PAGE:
The Cleveland Buckeyes Begin
       Prior to the Buckeyes arrival in Cleveland, the city had other Negro League teams but none lasted very long.
The Negro National League (NNL) organized in 1920. Records show that the Cleveland Tate Stars were in the NNL
in 1922, the Cleveland Browns in 1924, the Cleveland Elites in 1926, the Cleveland Hornets in 1927,
the Cleveland Tigers in 1928,  the Cleveland Cubs in 1931, the Cleveland Stars in 1932, the Cleveland Giants 
in 1933 and the Cleveland Red Sox in 1934. Recently, I visited the Negro Southern League Museum in Birmingham, 
Alabama.  On display there was a pennant from the 1928 Cleveland Tigers. 
                        One of the notable players to play in Cleveland
	prior to the Buckeyes was Satchel Paige who played  
	for the 1931 Cleveland Cubs. 
                    According to Baseball Reference, Paige appeared in 5 games, 
	starting three. He has a 1-1 Won Loss record, 2.13 ERA with 
	18 strikeouts in 25 1/3 innings. 


           The Negro American League (NAL) formed in 1937 and the Cleveland Bears played in the NAL in 1939 and 1940.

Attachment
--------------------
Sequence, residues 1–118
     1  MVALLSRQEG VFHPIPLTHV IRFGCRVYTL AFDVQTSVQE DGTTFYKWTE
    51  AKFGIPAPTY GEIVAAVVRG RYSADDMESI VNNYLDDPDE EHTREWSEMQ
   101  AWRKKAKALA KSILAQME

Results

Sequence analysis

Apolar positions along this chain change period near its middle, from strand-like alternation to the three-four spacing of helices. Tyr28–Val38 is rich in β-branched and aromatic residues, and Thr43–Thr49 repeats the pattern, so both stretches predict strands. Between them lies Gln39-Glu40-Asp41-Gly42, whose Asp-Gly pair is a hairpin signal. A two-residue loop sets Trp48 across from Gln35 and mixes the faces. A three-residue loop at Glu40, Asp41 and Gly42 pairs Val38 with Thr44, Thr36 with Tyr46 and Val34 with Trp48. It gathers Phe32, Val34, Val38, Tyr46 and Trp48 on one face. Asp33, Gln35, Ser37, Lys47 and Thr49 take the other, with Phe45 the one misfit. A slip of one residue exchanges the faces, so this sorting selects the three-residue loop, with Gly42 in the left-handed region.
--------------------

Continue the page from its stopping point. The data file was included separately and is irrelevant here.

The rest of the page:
The Bears were originally the Jacksonville Red Caps franchise that moved to Cleveland after one year, 1938, 
in Jacksonville.  The Bears would return to Jacksonville in 1941 and play that season and 1942 there.  
As I mentioned, most of these teams didn't last very long, in fact, the 1933 Giants team played only one league game. 
        That changed in 1941.  According to the February 14, 1942 Call & Post, a meeting took place at Wilbur Hayes' 
shoe shine parlor on Central Avenue and East 49th when he met with Ernest Wright, of Erie, Pennsylvania.

Ernest Wright owned the Pope Hotel which also was a showplace for many black enterainers during an era when many northern cities, including Erie, were segregated. Almost every great African American entertainer during that era appeared at the Pope Hotel.

Ernest Wright needed baseball players to start the Buckeyes. He purchased one-half interest in the financially struggling St. Louis Stars.

The St. Louis Stars joined the Negro American League in 1939 but started playing some of their games in New Orleans in the 1940 and 1941 seasons due to those financial issues. During the 1941 season, Wright had some of the Stars players come to Cleveland to play for a Cleveland semi-pro team, the Cleveland Giants, who hosted the Indianapolis ABCs in an exhibition double-header. The ABCs had previously played in the Negro American League. The Giants won both games easily over the ABCs before 9,000 fans at League Park. Future Buckeyes player, shortstop Johnny Lyles, would appear in that double-header.

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